The test positivity rate in Clark County has risen to 17.7%, which puts the county back on the state’s watch list for elevated transmission risk. The rate must be below 8% and a separate measure of the county’s case rate — currently “high” at 743.3 cases (per 100,000 population over the past seven days) — needs to drop below 50 for two straight weeks before the mask mandate can end.

In today’s report, 10 of Nevada’s 17 counties are flagged for high transmission.

Clark County’s case rate (1,406 per 100,000 over the past 30 days) and test positivity rate (17.7%) are flagged in data reported today. Testing (316 tests per day per 100,000) is within the state’s acceptable range.


The state’s health department reports 3,985,919 doses of the COVID-19 vaccine have been administered in Nevada, as of Jan. 3.

As of today, 54.60% of Nevadans currently eligible for the vaccine are fully vaccinated, and 64.61% of the eligible population has initiated vaccinations. Clark County reports that 53.92% of its eligible residents are fully vaccinated.


NOTE: The state is not updating hospitalization data on weekends or holidays.

According to the state’s Department of Health and Human Services (DHHS), the number of hospitalized patients in Nevada was up (+59) since the previous day.

The current number of hospitalizations is 1,065 confirmed/suspected cases. Hospitals reported 194 of those patients were in intensive care units, and 114 were on ventilators. To give some perspective, the state set a record high for hospitalized patients on Dec. 13 with 2,025 cases.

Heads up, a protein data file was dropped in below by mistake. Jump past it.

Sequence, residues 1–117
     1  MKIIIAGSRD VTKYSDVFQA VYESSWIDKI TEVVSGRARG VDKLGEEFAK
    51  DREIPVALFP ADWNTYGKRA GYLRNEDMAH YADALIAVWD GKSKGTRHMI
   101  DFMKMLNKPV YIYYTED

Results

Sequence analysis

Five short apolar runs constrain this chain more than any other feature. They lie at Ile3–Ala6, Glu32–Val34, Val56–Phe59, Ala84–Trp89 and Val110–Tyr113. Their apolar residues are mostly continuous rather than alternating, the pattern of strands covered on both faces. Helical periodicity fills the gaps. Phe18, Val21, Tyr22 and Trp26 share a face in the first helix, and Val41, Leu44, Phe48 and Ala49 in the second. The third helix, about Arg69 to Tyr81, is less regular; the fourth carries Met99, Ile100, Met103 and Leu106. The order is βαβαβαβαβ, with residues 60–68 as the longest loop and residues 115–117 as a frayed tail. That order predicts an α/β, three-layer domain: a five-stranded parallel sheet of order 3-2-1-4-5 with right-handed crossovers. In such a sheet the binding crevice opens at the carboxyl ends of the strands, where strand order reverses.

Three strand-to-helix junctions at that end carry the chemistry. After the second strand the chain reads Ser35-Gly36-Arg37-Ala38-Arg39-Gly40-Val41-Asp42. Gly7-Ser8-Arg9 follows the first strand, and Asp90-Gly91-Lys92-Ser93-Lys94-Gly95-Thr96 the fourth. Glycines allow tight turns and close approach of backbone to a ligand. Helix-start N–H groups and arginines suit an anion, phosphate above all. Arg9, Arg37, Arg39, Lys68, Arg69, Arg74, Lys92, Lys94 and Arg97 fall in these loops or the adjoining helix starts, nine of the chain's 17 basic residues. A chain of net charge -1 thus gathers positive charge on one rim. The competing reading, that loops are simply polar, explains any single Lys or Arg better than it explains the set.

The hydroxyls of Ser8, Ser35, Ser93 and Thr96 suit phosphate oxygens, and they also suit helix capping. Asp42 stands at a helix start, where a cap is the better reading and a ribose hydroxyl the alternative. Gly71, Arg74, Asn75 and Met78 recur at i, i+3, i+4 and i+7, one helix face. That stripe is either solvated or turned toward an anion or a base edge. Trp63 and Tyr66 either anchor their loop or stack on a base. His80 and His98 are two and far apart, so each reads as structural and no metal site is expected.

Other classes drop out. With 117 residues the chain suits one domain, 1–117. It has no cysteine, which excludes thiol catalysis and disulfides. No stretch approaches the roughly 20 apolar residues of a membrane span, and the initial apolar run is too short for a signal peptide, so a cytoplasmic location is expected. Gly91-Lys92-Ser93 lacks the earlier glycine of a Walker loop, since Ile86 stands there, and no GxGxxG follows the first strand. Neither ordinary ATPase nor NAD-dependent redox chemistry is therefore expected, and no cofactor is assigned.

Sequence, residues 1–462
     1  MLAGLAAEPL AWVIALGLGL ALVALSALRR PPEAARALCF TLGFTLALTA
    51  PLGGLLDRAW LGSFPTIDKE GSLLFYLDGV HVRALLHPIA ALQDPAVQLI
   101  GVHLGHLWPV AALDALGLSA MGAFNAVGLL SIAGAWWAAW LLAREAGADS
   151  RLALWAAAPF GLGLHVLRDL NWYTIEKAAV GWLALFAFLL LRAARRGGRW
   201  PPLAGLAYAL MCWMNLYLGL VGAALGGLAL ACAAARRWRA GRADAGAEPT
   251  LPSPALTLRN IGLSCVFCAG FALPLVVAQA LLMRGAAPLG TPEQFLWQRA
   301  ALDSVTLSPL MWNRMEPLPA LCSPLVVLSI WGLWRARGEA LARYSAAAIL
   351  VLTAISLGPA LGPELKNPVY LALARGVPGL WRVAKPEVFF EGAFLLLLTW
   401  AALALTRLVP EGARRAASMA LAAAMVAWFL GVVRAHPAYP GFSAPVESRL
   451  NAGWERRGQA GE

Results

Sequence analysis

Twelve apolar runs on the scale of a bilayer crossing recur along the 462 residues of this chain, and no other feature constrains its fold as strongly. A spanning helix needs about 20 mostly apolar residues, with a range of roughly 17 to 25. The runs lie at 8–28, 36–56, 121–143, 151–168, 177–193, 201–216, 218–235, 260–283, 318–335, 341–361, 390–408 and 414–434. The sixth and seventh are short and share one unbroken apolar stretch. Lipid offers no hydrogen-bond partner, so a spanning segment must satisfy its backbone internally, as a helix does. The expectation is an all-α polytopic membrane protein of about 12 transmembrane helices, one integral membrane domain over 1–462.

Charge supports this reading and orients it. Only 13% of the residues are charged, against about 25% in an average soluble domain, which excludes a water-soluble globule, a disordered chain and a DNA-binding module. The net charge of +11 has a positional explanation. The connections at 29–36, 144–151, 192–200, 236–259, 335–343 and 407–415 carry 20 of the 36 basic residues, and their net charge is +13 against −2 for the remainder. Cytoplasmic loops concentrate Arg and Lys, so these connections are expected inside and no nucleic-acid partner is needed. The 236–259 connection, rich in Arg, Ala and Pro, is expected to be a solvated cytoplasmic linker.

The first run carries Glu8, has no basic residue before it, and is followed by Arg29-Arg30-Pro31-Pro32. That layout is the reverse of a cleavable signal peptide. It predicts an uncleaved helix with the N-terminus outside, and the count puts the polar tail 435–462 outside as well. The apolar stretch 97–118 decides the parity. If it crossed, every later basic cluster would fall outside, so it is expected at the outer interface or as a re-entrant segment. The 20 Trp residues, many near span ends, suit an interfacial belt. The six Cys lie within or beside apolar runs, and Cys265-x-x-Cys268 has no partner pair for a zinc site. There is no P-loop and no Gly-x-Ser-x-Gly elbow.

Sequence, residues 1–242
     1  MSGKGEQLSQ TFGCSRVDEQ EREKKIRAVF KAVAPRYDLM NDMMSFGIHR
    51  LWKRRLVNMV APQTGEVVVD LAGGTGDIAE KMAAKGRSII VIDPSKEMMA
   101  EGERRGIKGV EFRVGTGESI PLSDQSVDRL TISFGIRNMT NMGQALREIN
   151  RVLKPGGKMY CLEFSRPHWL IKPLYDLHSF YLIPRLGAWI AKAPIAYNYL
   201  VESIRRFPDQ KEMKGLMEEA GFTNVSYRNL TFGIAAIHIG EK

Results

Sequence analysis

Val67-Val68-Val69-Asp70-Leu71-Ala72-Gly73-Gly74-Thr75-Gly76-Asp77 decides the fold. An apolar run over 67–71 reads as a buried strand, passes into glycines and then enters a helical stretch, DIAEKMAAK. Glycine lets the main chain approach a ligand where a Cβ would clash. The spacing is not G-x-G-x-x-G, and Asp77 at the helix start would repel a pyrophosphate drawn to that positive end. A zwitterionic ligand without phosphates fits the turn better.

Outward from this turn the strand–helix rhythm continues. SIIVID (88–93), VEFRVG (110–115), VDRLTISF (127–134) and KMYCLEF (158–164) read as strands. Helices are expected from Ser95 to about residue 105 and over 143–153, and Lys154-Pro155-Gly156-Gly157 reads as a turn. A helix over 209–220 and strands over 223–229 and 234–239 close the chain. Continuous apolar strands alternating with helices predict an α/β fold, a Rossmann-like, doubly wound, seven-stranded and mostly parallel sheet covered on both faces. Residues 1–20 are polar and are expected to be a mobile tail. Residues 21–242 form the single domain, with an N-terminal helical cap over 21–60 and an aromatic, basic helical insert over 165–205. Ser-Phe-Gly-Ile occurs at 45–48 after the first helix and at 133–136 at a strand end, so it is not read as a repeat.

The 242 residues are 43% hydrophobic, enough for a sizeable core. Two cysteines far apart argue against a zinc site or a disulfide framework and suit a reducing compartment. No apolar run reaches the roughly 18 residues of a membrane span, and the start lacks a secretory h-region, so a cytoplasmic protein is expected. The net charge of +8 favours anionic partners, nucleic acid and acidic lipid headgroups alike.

The graphs below show hospitalizations in Nevada (first image) and in Clark County:


NOT YET UPDATED ON TUESDAY: The number of people who have recovered from the virus in Southern Nevada continues to increase. The latest county update estimates a total of 343,491 recovered cases; that’s 91% of all reported cases in the county, according to SNHD’s latest report.


Nevada reopened to 100% capacity on June 1 and social distancing guidelines lifted, helping the state return to mostly pre-pandemic times, with some exceptions.

The CDC reversed course on July 27, saying fully vaccinated Americans in areas with “substantial and high” transmission should wear masks indoors when in public as COVID-19 cases rise. Most of Nevada falls into those two risk categories.

Nevada said it would adopt the CDC’s guidance with the new mask guideline that went into effect at 12:01 a.m. on July 30. This overrides Clark County’s employee mask mandate, which went into effect in mid-July.

On Aug. 16, Gov. Sisolak signed a new directive that allows fully vaccinated attendees at large gatherings to remove their masks, but only if the venue chooses to require everyone in attendance to provide proof of vaccination. Those who have just one shot and are not “fully vaccinated” would still be allowed to attend, as would children under 12, but both would need to wear masks.

Masks still must be worn when required by federal, state, local, tribal, or territorial laws, rules and regulations, including local businesses and workplace guidance.

State approval for vaccinating children 5-11 years old was given on Nov. 3, with plans by the Southern Nevada Health District to begin vaccinations on Nov. 10. The Pfizer vaccine is the only vaccine approved for children at this time.

SEE ALSO: Previous day’s report